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The adage “communication is key” has many applicable uses and is especially true in the workplace. While some companies are adopting communication tools such as Slack, Teams, Trello, and Google Chat as primary communication methods, according to The American Genius, the most common form of workplace communication is email. “There appears to be a general consensus that while social networks are useful to achieve work-related goals, email remains the undisputed communications tool in the enterprise.” And email is an effective tool when it’s used correctly.
Have you ever received an email that was confusing? Have you ever sent an email that might have been unclear? These situations are frustrating–especially in the workplace where people are often relying on email to do their jobs. However, email communication can be greatly improved by adhering to some basic email etiquette guidelines–both when sending and replying to emails.
Correct email format is essential. Keep these five basic rules in mind:
- Include a subject line. Always make sure it states the purpose of the email.
- Use professional greetings. Use Dear John or Hello Pat. Not, Hey!
- Write in complete sentences. Avoid fragments. Be precise but also succinct. Your email should not leave room for interpretation.
- Keep it professional. No memes or jokes. Use emojis very sparingly. Don’t forward non-work-related mass emails.
- Proofread, proofread, proofread! Never hit send before rereading what you’ve written–at least twice!
Unsure if your email is good to go? Ask yourself whether it passes the “New York Times Test”–in other words, don’t write anything you wouldn’t want to read about on the front page of the New York Times. Once you hit send, you no longer have control over your message.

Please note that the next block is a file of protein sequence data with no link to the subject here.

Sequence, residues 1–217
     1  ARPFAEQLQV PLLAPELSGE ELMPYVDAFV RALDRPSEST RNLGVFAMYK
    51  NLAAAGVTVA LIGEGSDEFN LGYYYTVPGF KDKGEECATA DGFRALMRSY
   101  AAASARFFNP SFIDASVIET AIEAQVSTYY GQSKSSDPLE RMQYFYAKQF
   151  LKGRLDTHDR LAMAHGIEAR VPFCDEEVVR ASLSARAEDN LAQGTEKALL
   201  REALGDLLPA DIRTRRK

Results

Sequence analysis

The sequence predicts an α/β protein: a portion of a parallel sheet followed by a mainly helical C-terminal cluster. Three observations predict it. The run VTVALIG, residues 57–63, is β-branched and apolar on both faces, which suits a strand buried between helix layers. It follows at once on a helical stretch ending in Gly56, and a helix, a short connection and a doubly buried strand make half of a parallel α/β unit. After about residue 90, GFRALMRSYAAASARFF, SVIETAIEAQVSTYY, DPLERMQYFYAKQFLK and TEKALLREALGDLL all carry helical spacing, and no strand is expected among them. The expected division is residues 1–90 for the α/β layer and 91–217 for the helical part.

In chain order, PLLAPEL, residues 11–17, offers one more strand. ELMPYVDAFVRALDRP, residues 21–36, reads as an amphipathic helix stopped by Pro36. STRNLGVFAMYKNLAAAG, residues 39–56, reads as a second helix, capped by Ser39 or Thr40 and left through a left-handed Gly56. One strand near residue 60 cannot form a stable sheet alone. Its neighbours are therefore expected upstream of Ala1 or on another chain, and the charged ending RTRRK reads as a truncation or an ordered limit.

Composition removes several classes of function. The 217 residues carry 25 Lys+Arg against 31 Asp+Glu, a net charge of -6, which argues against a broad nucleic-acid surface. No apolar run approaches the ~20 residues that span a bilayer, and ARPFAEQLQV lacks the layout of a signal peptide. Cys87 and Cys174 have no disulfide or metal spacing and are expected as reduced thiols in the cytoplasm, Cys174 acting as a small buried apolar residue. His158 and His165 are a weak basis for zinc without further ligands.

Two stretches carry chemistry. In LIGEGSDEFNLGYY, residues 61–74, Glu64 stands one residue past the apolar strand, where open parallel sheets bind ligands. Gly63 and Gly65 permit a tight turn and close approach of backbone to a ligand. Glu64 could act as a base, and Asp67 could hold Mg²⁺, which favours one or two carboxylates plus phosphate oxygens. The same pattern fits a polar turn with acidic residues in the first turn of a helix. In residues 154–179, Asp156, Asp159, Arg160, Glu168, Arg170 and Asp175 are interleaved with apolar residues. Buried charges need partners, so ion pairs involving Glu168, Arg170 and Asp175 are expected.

Replying to Email
How you respond (or don’t respond) matters. Keep the following in mind:
- Reply in a timely manner. As a general rule, many experts agree to respond as quickly as possible and to make sure it’s at least within 24 hours (and within business hours).
- Reply to every email. Yes, every single one. Even if you’re just saying Thank you! It lets the sender know you received it. You may want to set up an auto-reply that lets the sender know you will respond ASAP or, if the email has depth, send a quick reply saying you’ll follow up with a lengthier response as soon as you have the chance.
- Do not “Reply All.” Unless everybody on the thread actually needs what you are sending, don’t do it. Only reply to a specific person(s).
As the workforce continues to rely more and more on digital communication, it is becoming more important that we fine-tune our email skills to ensure a communicative, productive, and successful work environment.